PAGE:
Our national Air Quality Strategy, last published in 2000 with an Addendum in 2003, contained policies for improving air quality and set standards and objectives for the main pollutants of concern to be met between 2003 and 2010 and beyond.
The quality of our air in the United Kingdom has improved considerably over the last few decades, and much has been achieved through implementation of tighter controls over emissions of harmful pollutants from industry, transport and domestic sectors. These measures have helped to reduce by many thousands the numbers of people dying prematurely and being admitted to hospital as a result of air pollution. We are now meeting the strategys objectives for four of the
pollutants throughout the UK and meeting all the strategys objectives in most parts of the country, although not at some hotspot problem areas, such as along some busy roads and in some cities.
But air pollution still has a significant impact and is estimated to reduce the life expectancy of every person in the UK by an average of seven to eight months, with estimated annual health costs of up to £20 billion. It can also seriously damage our ecosystems.
Over the last year or so an extensive review of the strategy was undertaken to examine what more might be done. This review has involved one of the most comprehensive environmental analyses ever carried out by the Government. stakeholders were closely involved at each stage of the review, both in forming and responding to the official consultation process last year.
The new Air Quality Strategy, which I am publishing today in partnership with the devolved Administrations, draws conclusions from the consultation. It sets out a way forward for work and planning on air quality issues, sets out details of the objectives to be achieved and introduces a new policy framework for tackling fine particles, similar to the approach being proposed in the new European air quality directive, which is currently under negotiation. The strategy also identifies new measures which modelling shows could help achieve significant health benefits and help us move closer towards meeting our targets. These measures have been subject to a thorough analysis of the estimated reductions in air pollution, and quantification and valuation of costs and benefits.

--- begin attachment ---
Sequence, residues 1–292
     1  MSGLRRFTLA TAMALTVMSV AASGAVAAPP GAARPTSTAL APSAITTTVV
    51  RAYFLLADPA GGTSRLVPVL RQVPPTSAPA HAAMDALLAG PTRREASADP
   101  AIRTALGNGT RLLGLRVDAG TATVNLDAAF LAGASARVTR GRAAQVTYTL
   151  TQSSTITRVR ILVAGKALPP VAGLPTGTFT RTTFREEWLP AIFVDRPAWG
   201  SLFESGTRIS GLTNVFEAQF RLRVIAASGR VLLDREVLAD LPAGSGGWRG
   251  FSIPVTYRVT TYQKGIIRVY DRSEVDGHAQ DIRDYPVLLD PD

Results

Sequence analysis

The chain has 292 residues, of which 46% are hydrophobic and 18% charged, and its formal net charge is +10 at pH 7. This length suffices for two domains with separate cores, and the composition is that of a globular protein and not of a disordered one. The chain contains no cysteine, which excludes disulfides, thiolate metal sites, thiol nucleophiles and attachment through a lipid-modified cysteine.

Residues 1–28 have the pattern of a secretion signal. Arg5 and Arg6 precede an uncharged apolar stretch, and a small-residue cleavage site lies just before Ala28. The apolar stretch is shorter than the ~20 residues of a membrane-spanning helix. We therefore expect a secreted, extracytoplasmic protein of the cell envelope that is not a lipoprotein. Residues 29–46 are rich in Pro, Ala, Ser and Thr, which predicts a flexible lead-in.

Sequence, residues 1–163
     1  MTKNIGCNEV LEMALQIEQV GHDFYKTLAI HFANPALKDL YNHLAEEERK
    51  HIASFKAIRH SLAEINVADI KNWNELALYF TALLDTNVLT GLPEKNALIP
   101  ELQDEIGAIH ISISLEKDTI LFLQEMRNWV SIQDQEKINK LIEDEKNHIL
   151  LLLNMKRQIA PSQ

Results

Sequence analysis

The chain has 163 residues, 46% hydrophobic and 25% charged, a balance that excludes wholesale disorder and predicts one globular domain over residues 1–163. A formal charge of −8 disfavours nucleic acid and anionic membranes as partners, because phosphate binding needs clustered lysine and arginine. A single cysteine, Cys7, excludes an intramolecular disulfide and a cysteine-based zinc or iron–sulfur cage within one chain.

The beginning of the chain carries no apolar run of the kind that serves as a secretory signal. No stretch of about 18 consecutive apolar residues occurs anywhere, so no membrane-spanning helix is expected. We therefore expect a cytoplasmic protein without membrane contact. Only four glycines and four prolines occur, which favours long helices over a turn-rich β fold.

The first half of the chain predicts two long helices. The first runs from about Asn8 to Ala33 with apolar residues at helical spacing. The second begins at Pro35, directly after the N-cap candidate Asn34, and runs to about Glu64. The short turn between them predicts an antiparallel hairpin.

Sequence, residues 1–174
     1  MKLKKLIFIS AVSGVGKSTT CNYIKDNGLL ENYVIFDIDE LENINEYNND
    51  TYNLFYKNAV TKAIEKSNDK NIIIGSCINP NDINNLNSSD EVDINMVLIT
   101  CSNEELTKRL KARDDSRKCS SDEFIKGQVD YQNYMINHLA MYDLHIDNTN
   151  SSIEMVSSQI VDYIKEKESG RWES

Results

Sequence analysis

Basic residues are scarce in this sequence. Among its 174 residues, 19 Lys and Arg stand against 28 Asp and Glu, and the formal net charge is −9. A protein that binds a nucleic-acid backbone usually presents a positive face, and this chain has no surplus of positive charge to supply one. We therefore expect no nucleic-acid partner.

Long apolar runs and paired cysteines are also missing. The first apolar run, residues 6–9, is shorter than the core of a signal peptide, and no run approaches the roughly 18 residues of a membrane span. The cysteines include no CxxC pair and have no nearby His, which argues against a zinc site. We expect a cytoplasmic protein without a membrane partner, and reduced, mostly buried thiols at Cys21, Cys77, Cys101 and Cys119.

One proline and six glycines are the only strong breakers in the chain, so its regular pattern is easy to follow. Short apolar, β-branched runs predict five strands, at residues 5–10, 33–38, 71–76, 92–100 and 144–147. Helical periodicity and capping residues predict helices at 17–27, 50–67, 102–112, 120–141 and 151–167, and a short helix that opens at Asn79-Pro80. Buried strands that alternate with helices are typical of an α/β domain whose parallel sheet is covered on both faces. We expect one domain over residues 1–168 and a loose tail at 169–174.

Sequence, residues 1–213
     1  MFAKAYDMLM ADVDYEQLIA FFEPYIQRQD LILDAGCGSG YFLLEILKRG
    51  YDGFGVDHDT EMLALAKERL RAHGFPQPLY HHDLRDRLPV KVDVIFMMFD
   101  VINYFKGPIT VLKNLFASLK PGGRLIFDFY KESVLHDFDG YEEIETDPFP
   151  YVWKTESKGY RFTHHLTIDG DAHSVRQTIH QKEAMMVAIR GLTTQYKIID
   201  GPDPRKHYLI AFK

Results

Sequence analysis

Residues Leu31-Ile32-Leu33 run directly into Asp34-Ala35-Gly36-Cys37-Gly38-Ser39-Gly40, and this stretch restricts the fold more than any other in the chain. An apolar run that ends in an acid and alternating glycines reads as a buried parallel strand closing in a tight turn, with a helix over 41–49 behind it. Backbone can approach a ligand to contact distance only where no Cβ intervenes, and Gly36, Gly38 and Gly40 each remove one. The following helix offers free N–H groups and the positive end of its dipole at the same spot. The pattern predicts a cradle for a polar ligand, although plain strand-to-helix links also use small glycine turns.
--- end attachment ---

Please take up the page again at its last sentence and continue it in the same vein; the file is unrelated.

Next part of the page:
The strategys policies have been considered for their impact on climate change, and there are many co-benefits that can be achieved. Over the longer-term, policies to address both climate change and air pollution emissions together can potentially deliver further significant improvements air quality and public health.
The strategy recognises the important role for industry, transport and local authorities in helping to deliver air quality improvements. It also follows the better regulation agenda for adopting the most effective ways of delivering outcomes without placing unnecessary costs on those who are regulated.
We will now start the process for detailed consideration of the potential new measures to develop them further and co-ordinate and align with other policy measures yet to be implemented. Each new measure will be subject to the full policy scrutiny process and formal impact assessment. I will continue to keep the House informed about these and other air quality developments.
The Minister of State, Home Department (Mr. Tony McNulty): I am today announcing that 30 police forces across England and Wales will be taking part in a new programme aimed at establishing new collaborative arrangements for combating serious organised crime and other threats to public safety (also known as protective services).
The Home Office will support 10 separate initiatives by police forces and authorities to become demonstrator sites for joint working solutions to deliver greater capability and capacity in a range of protective services.
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Public Protection improving the delivery across the region of public protection (child protection, sex offender and serious offender management, domestic violence, vulnerable adult abuse and missing persons).
Project Forefront developing and implementing a co-ordinated and integrated strategic command capability, improving operational delivery of policing services to the Thames estuary, sea ports, air ports and the strategic roads network
Regional Undercover Unit / Human Resources Policies creating a unit to provide a policy lead, training and support infrastructure to undercover officers and exploring the potential for integrating employment frameworks, terms and conditions and human resources policies.